Light Brigade

Anchorage Park Foundation

Funding Received: 2013
Anchorage, AK
Funding Period: 1 year and 5 months
September 7, 2013


The Light Brigade crew built a strong rigging grid on two levels of the museum roof and installed 180 linear feet of dance floor decking on two levels as well and started rehearsals immediately thereafter. We now rehearse in/on two different museums, the old ship creek power plant with its archive of steam punk style pre post-industrial technology and the recently renovated space-age-skinned Anchorage Museum at Rasmuson Center and its collection of history and art of the region. If you look closely you can see the museums’ architectural similarities set off by the radically contrasting esthetics of their age difference.

Meanwhile, invitations to join a creative placemaking consortium went out this week to nine local arts leaders. The consortium will implement a pilot project designed by the Light Brigade intended to create an upsurge of site-specific work in public parks during 2014 and 2015. Up to 50 or so artists will be invited to submit a proposal to use art to activate public spaces.

First Aerialist Rehearsal on the Anchorage Museum. First Aerialist Rehearsal on the Anchorage Museum.[/caption]

Recent Wins

I wrote in the last Light Brigade blog post about the relationship between individual artists or art groups and the institutions that surround and often support them. The partnership that we are trying to build with the Anchorage Park Foundation and our recent close daily interactions with the Anchorage Museum are providing us with a laboratory in which to study the intermixing of cultures. Every day the urgent demands of an outside group of artists preparing for a complex and unorthodox performance challenges the boundaries of institutional flexibility of the Anchorage Museum and its staff. The big win so far is that they are more than rising to the challenge, more than tolerating us, they seem to welcome and embrace both the challenge and our presence on their turf. We, for our part, are both grateful and emboldened by this unexpected level of validation. Thanks Julie and thanks to your entire staff.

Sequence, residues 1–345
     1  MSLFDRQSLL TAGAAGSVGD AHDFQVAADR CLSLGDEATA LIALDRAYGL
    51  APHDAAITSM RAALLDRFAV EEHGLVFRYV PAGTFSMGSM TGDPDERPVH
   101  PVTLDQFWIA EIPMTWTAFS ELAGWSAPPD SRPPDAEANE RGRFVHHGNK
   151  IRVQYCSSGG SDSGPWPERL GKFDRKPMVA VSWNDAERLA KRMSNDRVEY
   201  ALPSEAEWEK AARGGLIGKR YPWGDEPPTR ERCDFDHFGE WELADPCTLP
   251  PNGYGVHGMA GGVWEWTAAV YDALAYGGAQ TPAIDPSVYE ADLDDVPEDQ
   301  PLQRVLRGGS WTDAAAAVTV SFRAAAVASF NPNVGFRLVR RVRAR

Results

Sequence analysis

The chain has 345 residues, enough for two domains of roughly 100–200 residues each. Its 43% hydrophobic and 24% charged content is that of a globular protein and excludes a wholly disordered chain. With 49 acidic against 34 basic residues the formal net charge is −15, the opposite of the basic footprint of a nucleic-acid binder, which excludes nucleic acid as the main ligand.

A museum under Light Brigade occupation. A museum under Light Brigade occupation.[/caption]


The Light Brigade’s art practice centers on themes of Northern life. We’re interested not so much in forming or discovering a regional esthetic common to artists in the Northern latitudes but in exploring the nature of the most potent influence on our life rhythms and artistic outlook, namely, light. Here on the upper degrees the world is a flood plane drenched in near-constant light part of the year followed by submersion in the rising tide of a deep winter darkness. Light, it’s abundance and absence governs so much of what it looks and feels like to be an artist on the planet’s northern tip.

Light equals time. It regulates the sap in the boreal birches and the velvet on the moose antlers. Its rate of travel gauges distance on a cosmological scale. When we study light we quickly arrive in the realm of time. When this happened early on in our explorations we were drawn to the work of Alan Lightman snippets of whose novel Einstein’s Dreams inspired our work and form the textual roots of Over Beyond Across Through.